Shenandoah National Park

Paddling
Gorp.com

Many rivers are born in Shenadoah National Park. But while they flow through the park, they're too small and brushy to float. However, there's some great paddling within hollering distance of the park's borders.

The South Fork of the Shenandoah River comes within a mile of the national park. It's one of the world's most bucolic paddles, as you make your way among rich farmland, forested hillsides, limestone cliffs, and sandy islands. Many sites of historical interest can be found along the way: ancient Indian fish dams, Civil War battle grounds and traditional farm architecture. If you look at a map of the river, you'll notice that it meanders in short "S" curves; the effect is a constant changing of perspective and light, adding to the interest of the paddle.

Access to the river is easiest from the public roads that either cross over or stop at the river. The road numbers include 675, 661, 663, 664, and 613. Final take out is at the Gooney Run river meeting point, near U.S. 340. This entire trip is 29.5 miles. Generally, the land along the river is privately owned, so though camping is a time-honored tradition, it's by permission only, and you'll probably see lots of "No Trespassing" signs along the way. Compton's Rapids is the only stretch of whitewater you'll encounter along the way, and it's a mild Class I, soaring up to Class II during periods of especially heavy run-off.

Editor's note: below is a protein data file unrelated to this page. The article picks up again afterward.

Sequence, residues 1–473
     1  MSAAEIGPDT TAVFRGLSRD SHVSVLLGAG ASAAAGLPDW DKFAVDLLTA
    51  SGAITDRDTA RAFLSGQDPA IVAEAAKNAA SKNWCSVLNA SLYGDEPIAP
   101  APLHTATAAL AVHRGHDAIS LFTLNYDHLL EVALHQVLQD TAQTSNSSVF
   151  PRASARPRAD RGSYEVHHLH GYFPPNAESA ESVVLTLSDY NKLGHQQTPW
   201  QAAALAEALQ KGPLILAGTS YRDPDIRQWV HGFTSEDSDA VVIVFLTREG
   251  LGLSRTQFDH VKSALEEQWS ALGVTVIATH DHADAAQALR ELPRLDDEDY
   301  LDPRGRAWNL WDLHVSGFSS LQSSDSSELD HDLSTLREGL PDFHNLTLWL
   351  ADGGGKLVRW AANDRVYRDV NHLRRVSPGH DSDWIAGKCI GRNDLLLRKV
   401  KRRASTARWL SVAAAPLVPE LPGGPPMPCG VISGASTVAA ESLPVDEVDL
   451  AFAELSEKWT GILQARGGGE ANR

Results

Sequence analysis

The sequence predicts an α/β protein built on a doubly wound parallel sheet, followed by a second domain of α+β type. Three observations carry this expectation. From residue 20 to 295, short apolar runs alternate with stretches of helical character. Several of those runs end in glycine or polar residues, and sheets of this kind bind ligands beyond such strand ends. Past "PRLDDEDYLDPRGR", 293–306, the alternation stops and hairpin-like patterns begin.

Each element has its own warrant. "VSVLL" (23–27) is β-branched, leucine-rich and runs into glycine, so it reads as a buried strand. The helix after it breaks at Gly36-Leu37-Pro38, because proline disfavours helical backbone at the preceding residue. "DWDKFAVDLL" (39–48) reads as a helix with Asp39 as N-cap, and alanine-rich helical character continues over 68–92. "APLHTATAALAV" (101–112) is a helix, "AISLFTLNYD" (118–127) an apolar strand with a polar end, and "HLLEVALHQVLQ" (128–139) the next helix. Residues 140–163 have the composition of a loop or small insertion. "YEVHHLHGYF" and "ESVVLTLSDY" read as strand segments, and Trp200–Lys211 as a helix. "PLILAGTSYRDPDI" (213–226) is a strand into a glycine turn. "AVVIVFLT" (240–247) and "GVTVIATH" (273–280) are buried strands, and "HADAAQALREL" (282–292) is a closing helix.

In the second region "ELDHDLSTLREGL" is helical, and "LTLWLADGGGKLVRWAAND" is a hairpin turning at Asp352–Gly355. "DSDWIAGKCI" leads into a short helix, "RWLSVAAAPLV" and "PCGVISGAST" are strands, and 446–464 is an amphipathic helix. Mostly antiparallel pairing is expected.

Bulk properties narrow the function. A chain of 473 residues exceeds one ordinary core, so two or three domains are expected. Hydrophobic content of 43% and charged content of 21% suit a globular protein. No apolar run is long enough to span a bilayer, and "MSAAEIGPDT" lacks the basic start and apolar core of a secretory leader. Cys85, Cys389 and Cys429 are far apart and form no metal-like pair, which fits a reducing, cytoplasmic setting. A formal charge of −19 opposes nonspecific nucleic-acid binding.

Passage Creek running near the northern edge of the park offers (slightly) more whitewater thrill. Passage Creek flows through the cliffs of Mount Massanutten, which dominates the landscape. The scenery along the way is stupendous: large rock formations, forests, rhododendron dells. The rapids are tricky; the paddler must also watch out for fallen brush. This river is runnable January to mid-May, or after a heavy rain. Put-in is at the picnic grounds of the Elizabeth Furnace Recreation Area. You can take out either at Road 619 or Route 55. The entire run is 7.5 miles.

Thorton River on the other side of the ridge near Sperryville is a Class II river runnable from January to mid-April. While the entire river is canoeable, the best whitewater portion is between Fletcher's Mill and Rock Mills. Below Rock Mills the river calms down, becoming a wonderful flat water tour off the beaten track.


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